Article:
Digital Theses Archive


Tesi etd-01072021-160504

Type of thesis
Updating deep brain stimulation: novel quantitative methods to determine sweet spots and patients state through electrophysiological activity
Scientific disciplinary sector
Istituto di Biorobotica - BIOROBOTICS
relatore Dott. MAZZONI, ALBERTO
  • Basal Ganglia
  • Deep Brain Stimulation
  • Electrophysiology
  • Sweet Spots
Exam session start date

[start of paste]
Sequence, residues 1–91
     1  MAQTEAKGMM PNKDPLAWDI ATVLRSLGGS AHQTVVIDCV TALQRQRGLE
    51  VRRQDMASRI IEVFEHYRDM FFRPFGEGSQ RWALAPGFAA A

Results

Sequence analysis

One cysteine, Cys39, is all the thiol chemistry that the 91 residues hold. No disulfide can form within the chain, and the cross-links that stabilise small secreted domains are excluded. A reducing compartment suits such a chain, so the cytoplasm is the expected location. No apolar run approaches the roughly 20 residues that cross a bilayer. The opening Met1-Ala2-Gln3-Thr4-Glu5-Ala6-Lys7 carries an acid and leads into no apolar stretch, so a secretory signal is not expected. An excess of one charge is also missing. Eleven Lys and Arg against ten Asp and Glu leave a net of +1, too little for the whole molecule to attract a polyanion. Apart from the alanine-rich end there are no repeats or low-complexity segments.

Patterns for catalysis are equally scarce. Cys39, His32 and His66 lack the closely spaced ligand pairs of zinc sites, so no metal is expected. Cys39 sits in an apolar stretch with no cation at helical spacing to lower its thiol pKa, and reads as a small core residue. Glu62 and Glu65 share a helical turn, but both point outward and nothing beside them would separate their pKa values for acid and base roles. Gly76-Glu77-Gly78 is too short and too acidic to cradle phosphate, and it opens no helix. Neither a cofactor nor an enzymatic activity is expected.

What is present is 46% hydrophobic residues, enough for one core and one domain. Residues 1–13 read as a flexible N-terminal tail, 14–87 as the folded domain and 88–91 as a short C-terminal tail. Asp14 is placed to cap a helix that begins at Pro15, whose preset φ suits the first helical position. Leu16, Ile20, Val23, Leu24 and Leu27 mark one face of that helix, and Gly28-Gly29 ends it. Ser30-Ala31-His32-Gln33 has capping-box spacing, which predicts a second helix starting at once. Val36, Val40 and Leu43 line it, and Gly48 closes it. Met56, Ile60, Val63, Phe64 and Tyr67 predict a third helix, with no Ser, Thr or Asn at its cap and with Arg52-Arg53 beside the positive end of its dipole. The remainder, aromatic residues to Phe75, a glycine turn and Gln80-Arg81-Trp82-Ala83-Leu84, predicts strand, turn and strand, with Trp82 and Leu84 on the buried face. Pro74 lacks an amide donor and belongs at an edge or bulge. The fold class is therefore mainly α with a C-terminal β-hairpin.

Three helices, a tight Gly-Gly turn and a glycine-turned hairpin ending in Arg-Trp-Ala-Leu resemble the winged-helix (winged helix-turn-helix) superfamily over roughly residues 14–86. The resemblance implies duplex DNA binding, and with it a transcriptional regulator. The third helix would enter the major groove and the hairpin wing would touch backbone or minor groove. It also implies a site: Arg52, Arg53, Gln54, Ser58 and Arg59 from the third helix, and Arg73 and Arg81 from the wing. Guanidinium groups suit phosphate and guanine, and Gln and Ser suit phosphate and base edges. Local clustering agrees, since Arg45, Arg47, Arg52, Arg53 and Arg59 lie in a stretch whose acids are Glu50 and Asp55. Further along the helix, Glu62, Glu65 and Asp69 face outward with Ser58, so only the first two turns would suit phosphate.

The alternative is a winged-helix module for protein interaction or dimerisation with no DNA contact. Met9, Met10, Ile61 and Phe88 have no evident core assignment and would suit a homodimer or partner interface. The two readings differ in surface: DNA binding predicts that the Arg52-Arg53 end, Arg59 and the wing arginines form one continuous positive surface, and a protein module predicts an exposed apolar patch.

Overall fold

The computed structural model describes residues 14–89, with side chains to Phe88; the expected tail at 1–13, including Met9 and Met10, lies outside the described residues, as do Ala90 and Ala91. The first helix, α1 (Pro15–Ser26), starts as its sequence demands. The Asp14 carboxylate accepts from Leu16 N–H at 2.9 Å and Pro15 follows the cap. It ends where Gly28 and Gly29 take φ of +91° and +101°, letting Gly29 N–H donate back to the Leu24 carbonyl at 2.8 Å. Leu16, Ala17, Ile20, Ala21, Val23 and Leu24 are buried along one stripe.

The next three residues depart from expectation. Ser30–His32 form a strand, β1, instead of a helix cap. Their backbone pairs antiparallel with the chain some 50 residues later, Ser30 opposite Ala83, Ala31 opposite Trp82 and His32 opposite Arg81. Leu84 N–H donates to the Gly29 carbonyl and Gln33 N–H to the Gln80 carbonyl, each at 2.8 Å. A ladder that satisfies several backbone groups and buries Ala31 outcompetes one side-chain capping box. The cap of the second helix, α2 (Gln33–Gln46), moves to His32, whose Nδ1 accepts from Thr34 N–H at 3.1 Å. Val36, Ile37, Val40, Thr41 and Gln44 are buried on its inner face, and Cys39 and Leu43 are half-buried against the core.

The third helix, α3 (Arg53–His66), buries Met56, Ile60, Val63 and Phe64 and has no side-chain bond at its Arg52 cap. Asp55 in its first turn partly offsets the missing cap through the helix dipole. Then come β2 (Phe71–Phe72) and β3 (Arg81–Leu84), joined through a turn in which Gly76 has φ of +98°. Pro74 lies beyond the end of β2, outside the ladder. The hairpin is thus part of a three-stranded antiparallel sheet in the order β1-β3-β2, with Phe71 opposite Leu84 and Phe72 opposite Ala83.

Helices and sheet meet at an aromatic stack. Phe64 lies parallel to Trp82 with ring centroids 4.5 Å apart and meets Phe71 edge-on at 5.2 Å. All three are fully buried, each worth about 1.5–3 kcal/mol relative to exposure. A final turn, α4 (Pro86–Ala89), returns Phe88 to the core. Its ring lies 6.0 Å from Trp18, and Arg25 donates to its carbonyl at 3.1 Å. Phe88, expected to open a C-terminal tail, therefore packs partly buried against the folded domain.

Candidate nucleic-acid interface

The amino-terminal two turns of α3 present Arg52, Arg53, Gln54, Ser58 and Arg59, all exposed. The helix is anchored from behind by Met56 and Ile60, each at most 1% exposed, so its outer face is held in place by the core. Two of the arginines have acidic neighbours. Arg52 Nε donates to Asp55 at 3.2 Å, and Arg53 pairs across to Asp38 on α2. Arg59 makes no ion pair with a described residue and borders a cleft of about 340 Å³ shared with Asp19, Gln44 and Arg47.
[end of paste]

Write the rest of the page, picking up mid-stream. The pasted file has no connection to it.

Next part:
Deep Brain Stimulation (DBS) is a highly effective treatment to ameliorate pharmacologically intractable cardinal symptoms in movement disorders such as Parkinson’s Disease (PD), Tourette Syndrome (TS) and Dystonia. Promising results with DBS intervention are emerging for an expanding palette of brain diseases such as Impulse Control Disorder (ICD), obsessive compulsive disorder, depression. The objective of work is tackling the current scientific DBS challenges hovering around the localization of neural targets that mediate optimal clinical outcomes for patients without emerging noxious DBS-induced side-effects – the so-called sweet spots – and the computation of patient-state related biomarkers that could be potentially used to inform the pattern of the stimulation. Herein, I focused on developing quantitative tools to elucidate how different basal ganglia nuclei are functionally organized and to characterize the relationship between the neural activity with either the stimulation in situ or the state (e.g., clinical severity, motor behaviour) of the patient. These methods have been applied to a variegate repertoire of neural signals acquired either with explorative microelectrodes (intraoperatively) or DBS electrodes (postoperatively) from different DBS target nuclei in the basal ganglia (e.g., Subthalamic Nucleus and Globus Pallidus internus) in multiple cohorts of patients (e.g., PD, TS, and ICD). The results of this PhD thesis revealed the wealth of information contained in the neural activity of the basal ganglia. For instance, I found that discharge patterns of the STN neurons identify optimal sweet spots for stimulation in TS patients and that the temporal pattern of the STN oscillations in the beta range can characterize the encoding of dysfunctional motor behaviour in PD patients. This work also involved the use of computational models to grasp new insights into the pathological neuron activity associated with PD and the realization of an open-source platform where DBS imaging users can query the label of a specific region of the brain from different atlases. These results can remarkably contribute to the DBS field providing the necessary neuroscientific knowledge i) to build new algorithms to facilitate clinicians during the assessment of the optimal DBS electrode location, ii) to describe the relationship between neural oscillations and specific symptoms and/or compensatory activity and iii) to identify symptom-specific and task-related biomarkers to use as feedback signals for adaptive DBS paradigms.